Nansen Refugee Award to Edward Kennedy

Ted Kennedy. Photo: Wikipedia.

The Nansen Refugee Award for 2009 is to go to the recently deceased Senator Edward Kennedy, for his work as a “forceful advocate” for those with “no voice and no rights”, according to the prize announcement. The Nansen Award Ceremony will take place on October 28 in the US capital, Washington D.C.

In announcing the 2009 Nansen Award on September 15, UN High Commissioner for Refugees António Guterres said:  “Senator Kennedy stood out as a forceful advocate for those who suddenly found themselves with no voice and no rights. Year after year, conflict after conflict, he put the plight of refugees on the agenda and drove through policies that saved and shaped countless lives.”

The prize will be awarded posthumously at an award ceremony in Washington, but Edward Kennedy was informed of the decision to award him the prize two months before his death on August 24.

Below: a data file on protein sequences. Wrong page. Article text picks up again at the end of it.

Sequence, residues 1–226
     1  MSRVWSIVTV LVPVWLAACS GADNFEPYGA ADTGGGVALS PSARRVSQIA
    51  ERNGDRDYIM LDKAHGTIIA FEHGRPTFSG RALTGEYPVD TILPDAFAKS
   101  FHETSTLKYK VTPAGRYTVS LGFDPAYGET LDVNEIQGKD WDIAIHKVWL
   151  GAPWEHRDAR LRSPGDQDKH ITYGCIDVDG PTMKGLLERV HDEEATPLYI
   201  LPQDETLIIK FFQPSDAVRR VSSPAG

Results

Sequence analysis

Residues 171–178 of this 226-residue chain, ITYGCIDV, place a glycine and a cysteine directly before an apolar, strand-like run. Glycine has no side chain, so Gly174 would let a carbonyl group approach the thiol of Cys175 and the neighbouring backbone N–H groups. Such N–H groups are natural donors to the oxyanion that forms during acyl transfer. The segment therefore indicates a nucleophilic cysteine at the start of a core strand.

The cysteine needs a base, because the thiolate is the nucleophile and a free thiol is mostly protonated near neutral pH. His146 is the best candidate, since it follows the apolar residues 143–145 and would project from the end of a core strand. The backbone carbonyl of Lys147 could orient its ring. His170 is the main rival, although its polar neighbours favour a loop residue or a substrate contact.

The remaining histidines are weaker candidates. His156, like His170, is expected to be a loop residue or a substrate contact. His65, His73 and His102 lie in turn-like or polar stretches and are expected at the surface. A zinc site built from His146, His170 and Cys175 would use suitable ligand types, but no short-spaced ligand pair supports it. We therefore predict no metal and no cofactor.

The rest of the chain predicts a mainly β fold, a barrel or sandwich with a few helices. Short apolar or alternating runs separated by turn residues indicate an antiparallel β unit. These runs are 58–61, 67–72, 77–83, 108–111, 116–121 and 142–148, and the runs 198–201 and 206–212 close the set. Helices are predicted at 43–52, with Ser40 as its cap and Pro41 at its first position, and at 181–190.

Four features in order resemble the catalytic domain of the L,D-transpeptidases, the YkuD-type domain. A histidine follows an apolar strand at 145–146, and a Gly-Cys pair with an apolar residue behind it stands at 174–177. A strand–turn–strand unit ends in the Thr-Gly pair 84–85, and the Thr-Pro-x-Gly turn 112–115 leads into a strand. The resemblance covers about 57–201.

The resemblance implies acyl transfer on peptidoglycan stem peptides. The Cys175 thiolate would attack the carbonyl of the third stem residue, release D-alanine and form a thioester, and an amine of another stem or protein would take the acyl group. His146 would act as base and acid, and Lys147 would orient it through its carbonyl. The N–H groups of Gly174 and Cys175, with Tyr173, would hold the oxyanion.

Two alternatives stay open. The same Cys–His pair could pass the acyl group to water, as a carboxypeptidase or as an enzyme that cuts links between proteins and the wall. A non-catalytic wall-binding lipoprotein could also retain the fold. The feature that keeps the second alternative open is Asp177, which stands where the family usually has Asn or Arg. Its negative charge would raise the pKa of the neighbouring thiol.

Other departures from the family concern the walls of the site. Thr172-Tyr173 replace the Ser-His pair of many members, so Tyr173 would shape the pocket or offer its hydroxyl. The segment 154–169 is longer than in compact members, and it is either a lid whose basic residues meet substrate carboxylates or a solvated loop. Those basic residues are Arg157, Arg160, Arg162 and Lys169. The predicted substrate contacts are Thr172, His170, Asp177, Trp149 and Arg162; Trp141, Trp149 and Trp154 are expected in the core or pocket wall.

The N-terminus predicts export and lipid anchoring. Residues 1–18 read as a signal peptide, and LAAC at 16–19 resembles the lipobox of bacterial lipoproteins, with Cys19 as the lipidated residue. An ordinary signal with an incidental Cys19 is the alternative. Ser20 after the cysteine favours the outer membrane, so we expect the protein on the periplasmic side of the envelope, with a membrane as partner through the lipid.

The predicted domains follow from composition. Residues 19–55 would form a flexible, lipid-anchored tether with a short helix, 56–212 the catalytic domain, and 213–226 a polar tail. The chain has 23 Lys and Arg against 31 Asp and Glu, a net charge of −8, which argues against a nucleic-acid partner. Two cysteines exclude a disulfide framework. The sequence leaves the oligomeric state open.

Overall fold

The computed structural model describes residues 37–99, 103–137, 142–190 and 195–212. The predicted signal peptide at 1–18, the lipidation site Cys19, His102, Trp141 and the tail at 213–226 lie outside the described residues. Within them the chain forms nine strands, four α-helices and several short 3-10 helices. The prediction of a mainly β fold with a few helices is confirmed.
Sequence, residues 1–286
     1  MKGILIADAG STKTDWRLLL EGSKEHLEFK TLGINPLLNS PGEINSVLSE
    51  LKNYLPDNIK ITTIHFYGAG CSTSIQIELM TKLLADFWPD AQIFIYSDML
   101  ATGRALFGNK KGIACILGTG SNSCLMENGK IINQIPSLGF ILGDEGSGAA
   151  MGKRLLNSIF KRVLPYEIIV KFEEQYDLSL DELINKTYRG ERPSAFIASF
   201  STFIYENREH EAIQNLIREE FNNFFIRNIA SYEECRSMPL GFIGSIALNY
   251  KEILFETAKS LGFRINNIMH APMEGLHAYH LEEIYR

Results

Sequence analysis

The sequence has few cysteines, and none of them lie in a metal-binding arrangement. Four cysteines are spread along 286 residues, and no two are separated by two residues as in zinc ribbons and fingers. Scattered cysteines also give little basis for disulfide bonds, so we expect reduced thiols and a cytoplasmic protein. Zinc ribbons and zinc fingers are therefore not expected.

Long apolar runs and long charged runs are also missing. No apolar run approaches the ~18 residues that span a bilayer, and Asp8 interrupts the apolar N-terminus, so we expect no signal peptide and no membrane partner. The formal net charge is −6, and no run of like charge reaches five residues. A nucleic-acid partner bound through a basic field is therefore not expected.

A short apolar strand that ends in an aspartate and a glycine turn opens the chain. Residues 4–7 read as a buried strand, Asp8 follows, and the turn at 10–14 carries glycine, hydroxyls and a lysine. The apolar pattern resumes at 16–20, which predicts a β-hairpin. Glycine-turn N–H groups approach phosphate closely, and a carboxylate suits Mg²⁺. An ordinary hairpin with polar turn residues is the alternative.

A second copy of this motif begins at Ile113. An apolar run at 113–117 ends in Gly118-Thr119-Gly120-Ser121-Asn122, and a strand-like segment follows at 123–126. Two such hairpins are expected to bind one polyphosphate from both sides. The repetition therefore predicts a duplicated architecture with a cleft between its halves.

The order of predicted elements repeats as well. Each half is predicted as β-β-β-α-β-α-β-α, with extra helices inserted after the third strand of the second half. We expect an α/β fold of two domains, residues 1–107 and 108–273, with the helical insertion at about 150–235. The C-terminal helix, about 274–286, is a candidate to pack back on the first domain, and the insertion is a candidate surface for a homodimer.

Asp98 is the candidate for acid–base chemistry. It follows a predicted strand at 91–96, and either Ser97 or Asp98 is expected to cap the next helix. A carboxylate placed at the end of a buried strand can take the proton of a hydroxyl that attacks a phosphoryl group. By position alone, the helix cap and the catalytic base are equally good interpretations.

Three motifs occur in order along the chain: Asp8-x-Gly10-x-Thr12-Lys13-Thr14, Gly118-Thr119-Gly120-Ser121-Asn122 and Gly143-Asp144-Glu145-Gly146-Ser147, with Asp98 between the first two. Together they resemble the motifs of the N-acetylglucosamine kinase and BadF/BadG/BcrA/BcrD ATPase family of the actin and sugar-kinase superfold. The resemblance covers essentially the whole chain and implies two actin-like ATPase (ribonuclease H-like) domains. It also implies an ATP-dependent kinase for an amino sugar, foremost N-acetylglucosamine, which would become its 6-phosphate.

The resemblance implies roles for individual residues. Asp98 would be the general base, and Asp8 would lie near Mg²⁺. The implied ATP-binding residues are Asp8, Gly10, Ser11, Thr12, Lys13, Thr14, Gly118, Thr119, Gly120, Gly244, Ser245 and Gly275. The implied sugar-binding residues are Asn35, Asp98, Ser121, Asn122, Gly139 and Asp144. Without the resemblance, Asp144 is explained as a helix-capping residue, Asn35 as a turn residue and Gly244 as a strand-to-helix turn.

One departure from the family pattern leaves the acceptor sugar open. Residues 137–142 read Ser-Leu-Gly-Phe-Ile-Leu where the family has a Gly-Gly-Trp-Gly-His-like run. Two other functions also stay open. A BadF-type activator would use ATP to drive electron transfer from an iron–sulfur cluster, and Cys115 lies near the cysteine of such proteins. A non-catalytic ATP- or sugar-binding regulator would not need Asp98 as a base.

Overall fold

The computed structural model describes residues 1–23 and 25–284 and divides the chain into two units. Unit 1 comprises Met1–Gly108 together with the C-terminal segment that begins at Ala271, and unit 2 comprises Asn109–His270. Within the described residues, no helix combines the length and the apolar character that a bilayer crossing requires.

Edward Kennedy was Senator for more than 45 years, and played an active role in advancing legislation that made it possible for persecuted groups to be granted residence in the US.

The Nansen Refugee Award has been conferred annually by the UNHCR since 1954. The prize is given to individuals or organisations that have shown extraordinary and dedicated service to refugees or otherwise advocated their cause. The Nansen prize amount is USD 100 000, which is donated jointly by Norway and Switzerland. The first person to win the prize was also an American citizen, Eleanor Roosevelt.

The award is named after Fridtjof Nansen, to commemorate his efforts for refugees following the First World War, and his role as League of Nations High Commissioner for Refugees.

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